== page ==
Says Dan Gunderson for MPR, “An increase in boat traffic and gatherings like this on popular lakes has led to an increase in complaints about noise, trespassing on private beaches and boats blocking docks. It’s another ripple effect of COVID-19, showing up here on the lakes of Otter Tail County. With vacations canceled and long-distance travel at a minimum, people are staying close to home — and more boats on the water has meant more complaints about noise and trespassing on private beaches.”

Says Liz Sawyer for the Star Tribune, “The Minnesota Department of Corrections has laid off 48 employees to meet ‘unforeseen budget shortfalls’ related to the corona­virus pandemic, officials said. In an e-mail to state legislators last week, a senior staffer explained that compounding factors such as contractual salary increases, ballooning overtime for officers and loss of revenue from the agency’s industrial MINNCOR program were to blame for a $4.2 million deficit. Balancing the budget would require a reduction in staffing.”

WCCO-TV also reports: “Tech giant Intel has reportedly asked for a campaign contribution refund from U.S. Rep. Jim Hagedorn (R-1st District) after he made a social media post saying that Black Lives Matter protesters were ‘at war’ with the country and ‘western culture.’ … Intel is asking Hagedorn to refund the $4,000 it donated to his campaign in 2018. In a statement, the tech company told the website that it would not make future contributions to Hagedorn as his recent statements do not align with the company’s values.”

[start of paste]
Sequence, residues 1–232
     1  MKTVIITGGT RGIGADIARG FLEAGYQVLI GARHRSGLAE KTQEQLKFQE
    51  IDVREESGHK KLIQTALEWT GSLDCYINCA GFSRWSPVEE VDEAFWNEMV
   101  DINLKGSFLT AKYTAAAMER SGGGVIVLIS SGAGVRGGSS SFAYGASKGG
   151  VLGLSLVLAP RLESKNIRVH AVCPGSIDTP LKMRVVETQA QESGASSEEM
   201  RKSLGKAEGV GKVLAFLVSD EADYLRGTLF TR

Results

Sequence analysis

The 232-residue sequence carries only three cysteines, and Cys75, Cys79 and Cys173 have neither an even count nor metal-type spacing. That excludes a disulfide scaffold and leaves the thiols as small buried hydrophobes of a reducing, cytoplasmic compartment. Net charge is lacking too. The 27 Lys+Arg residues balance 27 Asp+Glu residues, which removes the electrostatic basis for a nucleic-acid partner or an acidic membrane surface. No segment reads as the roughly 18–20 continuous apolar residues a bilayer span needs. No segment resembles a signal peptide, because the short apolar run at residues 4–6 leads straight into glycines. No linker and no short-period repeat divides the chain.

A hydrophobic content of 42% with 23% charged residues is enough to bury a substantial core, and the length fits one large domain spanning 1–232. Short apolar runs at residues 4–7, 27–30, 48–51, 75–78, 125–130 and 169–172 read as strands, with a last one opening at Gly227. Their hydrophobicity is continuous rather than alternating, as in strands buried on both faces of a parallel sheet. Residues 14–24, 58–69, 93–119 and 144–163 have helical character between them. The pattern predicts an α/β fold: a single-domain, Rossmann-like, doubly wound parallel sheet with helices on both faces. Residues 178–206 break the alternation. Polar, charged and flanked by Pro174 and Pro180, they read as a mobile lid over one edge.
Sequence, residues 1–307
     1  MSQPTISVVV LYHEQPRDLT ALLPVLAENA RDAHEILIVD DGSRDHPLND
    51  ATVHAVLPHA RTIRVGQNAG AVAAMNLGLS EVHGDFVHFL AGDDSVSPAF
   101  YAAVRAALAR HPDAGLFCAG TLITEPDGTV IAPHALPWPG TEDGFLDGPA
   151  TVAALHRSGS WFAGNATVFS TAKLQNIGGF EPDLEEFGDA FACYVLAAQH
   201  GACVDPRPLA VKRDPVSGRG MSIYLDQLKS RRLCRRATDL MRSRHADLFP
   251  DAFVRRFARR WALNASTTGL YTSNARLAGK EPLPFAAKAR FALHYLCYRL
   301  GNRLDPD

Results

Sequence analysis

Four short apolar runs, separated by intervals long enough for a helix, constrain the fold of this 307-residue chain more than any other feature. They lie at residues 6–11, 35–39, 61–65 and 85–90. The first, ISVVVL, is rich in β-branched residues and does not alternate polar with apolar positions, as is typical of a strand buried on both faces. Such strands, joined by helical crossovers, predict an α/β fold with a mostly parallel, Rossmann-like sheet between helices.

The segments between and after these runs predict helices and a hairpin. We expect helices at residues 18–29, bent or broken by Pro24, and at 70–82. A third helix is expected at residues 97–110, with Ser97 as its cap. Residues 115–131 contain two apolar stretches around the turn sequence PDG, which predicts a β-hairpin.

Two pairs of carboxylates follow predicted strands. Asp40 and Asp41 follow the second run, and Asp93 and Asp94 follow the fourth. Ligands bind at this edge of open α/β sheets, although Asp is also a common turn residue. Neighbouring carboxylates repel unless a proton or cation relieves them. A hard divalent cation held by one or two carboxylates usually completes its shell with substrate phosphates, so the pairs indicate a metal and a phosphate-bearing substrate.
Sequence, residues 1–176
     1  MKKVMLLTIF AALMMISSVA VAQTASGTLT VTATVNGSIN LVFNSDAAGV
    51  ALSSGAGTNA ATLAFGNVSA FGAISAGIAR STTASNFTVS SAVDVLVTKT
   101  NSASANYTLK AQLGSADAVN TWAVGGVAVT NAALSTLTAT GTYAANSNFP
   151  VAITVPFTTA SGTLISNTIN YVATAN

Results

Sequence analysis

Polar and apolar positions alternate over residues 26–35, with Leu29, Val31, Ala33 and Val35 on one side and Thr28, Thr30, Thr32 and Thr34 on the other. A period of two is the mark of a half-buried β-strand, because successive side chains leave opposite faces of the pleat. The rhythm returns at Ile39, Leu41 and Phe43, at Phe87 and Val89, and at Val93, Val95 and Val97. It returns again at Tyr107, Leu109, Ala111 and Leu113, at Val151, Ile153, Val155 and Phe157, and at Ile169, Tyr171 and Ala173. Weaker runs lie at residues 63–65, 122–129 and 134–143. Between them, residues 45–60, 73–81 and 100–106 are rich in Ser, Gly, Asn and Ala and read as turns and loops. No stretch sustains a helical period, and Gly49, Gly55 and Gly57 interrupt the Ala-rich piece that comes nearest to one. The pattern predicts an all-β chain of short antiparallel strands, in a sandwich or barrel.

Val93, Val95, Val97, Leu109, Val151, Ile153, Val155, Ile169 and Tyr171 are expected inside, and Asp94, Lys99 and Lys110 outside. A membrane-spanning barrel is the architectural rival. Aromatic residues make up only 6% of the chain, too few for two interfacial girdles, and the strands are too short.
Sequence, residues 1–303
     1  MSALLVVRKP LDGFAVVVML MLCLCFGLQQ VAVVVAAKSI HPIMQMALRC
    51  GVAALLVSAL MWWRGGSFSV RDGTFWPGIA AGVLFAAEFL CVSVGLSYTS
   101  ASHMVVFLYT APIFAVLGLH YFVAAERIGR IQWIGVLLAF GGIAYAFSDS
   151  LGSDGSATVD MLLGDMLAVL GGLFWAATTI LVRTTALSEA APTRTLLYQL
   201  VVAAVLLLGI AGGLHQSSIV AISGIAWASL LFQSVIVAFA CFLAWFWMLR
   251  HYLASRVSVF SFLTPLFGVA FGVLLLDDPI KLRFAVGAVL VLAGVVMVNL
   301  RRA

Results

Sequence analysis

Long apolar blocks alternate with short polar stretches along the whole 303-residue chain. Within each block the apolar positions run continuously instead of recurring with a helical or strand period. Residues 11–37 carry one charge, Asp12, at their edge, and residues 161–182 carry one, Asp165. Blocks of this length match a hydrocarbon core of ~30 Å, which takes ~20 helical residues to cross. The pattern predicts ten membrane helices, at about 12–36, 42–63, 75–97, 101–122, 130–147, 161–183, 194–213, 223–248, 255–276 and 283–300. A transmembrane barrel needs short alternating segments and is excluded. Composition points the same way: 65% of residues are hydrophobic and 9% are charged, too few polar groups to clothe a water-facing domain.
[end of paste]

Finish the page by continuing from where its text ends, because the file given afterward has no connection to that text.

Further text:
For KMSP-TV Allie Johnson says, “Minnesota banks want people to empty their piggy banks of coins to help alleviate a national coin shortage.  The Minnesota Bankers Association is asking consumers to spend their small change or deposit it at their local bank as the ‘pandemic-related shutdowns have created a critical slowdown of coin circulation nationwide’, according to a news release.”

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MPR’s Brian Bakst reports, “Security fencing around Minnesota’s Capitol is on the verge of coming down, but the displaced statue of Christopher Columbus won’t be going back up anytime soon. Updates on timing around both were provided Thursday by Lt. Gov. Peggy Flanagan and another official in Gov. Tim Walz’ administration. Flanagan said a decision on whether to reinstall the Columbus statue outside the Capitol is at least six months away — probably longer.”

Says Jess Fleming for the Pioneer Press, “The Growler magazine has folded. The free publication, which focused on craft beer and food, announced its demise with a letter posted on its website by owner and founder Matt Kenevan. Kenevan said the magazine started the year on good footing but the pandemic caused it to lose advertising from the hard-hit food and beverage industry.”